If you or your business have questions relating to harassment or discrimination in the workplace, please contact us at 508-381-0499.

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Commercial Property Owners: Ensure Your “Insured” Status

A recent personal injury case demonstrates that commercial property owners simply cannot be too cautious when it comes to ensuring their status as an additional insured on certificates issued to their tenants and contractors.  Specifically, owners should not rely on representations made by tenants and contractors as to communications that the latter may have had with their insurance agents and brokers regarding coverage. 

In the Superior Court case of Smith v. Roche Bros., et al. v. Perdoni, the Court rejected the claim filed by Roche Bros., supermarket chain and property owner, against the insurance agent of its snowplowing subcontractor, Perdoni, whose failure to perform its plowing services allegedly caused to the plaintiff’s personal injuries. The Court found no evidence to support Roche Bros. contention that Perdoni’s insurance agent had been made aware of Perdoni’s agreement to add Roche Bros. as an additional insured on its general liability policy (in fact, Perdoni disputed his assent to this contractual condition, which both parties admitted had been made orally and not in writing).

Ensuring adequate insurance coverage is of critical importance to commercial property owners, who will usually be named in any suit for personal injuries or property damage caused by one or more of their tenants, employees, contractors and subcontractors. But too often, commercial property owners do not perform the due diligence necessary to confirm their status as an additional insured.  Worse yet, owners will sometimes assume that their insurance agents (or those of their tenants or contractors) will perform such “risk management” functions based simply on a generalized knowledge of the parties’ business operations (e.g. knowledge that the client has several commercial tenants, or that the client is performing significant construction renovations on its property).  

When a tenant or contractor fails to add the property owner as an additional insured for purposes of coverage or liability, as required under the parties’ lease or contract, it is easy enough for the owner to bring suit for breach of contract.  However, the tenant or subcontractor will often be unable to satisfy a full judgment for serious personal injury or property damage.  Owners will then sometimes attempt to shift the responsibility for ensuring adequate coverage on to the tenant or contractor’s insurance agency.  As the Smith case demonstrates, however,  insurance brokers do not owe their clients any special legal or ethical duty in this respect, and have only a duty of care with respect to required insurance coverage of which they have been made aware. 

Owners should therefore demand a copy of any amended insurance certificates naming them as an additional insured from their tenants or contractors, and communicate the need for such amendments directly to the insurance agents of their tenants and contractors.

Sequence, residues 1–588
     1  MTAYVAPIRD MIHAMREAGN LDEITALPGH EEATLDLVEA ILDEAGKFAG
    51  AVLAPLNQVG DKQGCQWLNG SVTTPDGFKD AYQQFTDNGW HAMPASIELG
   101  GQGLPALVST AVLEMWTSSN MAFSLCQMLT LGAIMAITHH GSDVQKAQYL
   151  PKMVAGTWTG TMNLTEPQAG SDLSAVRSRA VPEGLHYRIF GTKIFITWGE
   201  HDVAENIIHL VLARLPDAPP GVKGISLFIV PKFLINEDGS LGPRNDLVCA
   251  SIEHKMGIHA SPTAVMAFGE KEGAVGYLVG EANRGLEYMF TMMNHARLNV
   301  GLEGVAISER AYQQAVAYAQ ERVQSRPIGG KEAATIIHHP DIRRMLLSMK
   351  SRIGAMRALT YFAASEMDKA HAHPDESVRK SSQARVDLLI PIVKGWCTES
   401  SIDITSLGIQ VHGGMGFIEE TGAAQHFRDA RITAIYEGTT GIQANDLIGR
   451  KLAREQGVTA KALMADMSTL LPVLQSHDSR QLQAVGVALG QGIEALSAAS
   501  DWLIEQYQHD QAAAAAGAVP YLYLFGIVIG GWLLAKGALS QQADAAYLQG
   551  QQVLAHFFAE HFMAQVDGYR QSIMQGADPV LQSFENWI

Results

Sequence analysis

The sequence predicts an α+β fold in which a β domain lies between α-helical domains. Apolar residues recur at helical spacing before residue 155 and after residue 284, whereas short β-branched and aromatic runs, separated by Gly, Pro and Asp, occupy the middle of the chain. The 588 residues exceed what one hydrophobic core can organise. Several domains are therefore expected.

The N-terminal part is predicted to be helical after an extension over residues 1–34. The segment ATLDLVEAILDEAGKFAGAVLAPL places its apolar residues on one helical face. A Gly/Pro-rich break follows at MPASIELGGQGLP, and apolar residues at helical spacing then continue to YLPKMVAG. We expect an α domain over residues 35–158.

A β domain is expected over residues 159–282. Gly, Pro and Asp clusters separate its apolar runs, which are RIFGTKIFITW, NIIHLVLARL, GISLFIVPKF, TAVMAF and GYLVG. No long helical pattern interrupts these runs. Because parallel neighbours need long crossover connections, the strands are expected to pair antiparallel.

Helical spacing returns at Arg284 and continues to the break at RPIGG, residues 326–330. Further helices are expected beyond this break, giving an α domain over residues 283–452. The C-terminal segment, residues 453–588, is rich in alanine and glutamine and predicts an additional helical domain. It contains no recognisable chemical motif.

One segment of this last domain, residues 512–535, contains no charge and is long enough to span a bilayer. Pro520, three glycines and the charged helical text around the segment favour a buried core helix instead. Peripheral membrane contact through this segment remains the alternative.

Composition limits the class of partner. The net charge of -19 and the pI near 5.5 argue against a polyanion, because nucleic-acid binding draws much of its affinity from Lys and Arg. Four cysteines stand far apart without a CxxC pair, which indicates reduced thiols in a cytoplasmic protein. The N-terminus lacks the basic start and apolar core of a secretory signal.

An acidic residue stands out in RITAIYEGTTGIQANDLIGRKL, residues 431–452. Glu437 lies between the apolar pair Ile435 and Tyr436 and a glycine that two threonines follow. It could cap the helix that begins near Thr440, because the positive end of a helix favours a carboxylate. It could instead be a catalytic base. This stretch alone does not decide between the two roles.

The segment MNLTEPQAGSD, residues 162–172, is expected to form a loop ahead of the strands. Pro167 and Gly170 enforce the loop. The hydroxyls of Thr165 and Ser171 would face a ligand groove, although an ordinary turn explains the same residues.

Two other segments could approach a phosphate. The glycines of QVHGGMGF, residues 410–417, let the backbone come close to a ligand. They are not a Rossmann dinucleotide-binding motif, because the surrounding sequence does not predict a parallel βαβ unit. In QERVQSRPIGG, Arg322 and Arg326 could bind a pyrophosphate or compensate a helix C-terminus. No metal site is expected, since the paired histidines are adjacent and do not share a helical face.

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Property Trespass/Nuisance: When the Ends Don’t Justify the Means

Recently, our office won another significant jury trial in Worcester Superior Court that demonstrates our experience and expertise in local land use and construction disputes.  Our office represented the Plaintiff homeowners, whose back yard was consistently flooded after an abutting property owner blocked an opening under his barn, through which surface water historically drained.  The defendant abutter’s actions caused water to back up onto the Plaintiffs’ land. The defendant also raised the elevation of his yard along the parties’ property line effectively creating an artificial dam.

The Defendant’s defense for trespass and nuisance was that his objective, in blocking the opening and stopping the flow of surface water under his barn, was reasonable and necessary to prevent water from causing damage to home’s basement.  The defendant asserted the reasonable use doctrine, which allows a property owner to use their property in a reasonable manner even if such use causes flooding to one’s neighbor.  The evidence at trial, however, established that the defendant made, little if, no effort to come up with an alternative solution, knowing his actions would in turn cause substantial flooding to plaintiff’s land.  It should also be noted; defendant’s action had little impact on actually reducing the amount of water coming into his basement and barn.

The jury while acknowledging, the protection of one’s property was certainly reasonable, found defendant’s method was unreasonable under the circumstances. The Jury awarded plaintiffs’ the diminished value of their property due to the flooding.  Plaintiffs’ were also entitled to 12% statutory interest from the date of filing the complaint, or approximately 36% of the judgment.  Perhaps most importantly, due to a careful analysis of the claims and questions presented to the jury for decision, all potential appellate issues were disposed of prior to, or during trial, allowing for a “speedy draft” to be tendered to the client within days of the verdict.  In the end, preparation by this office and its experience in land use and construction paid off.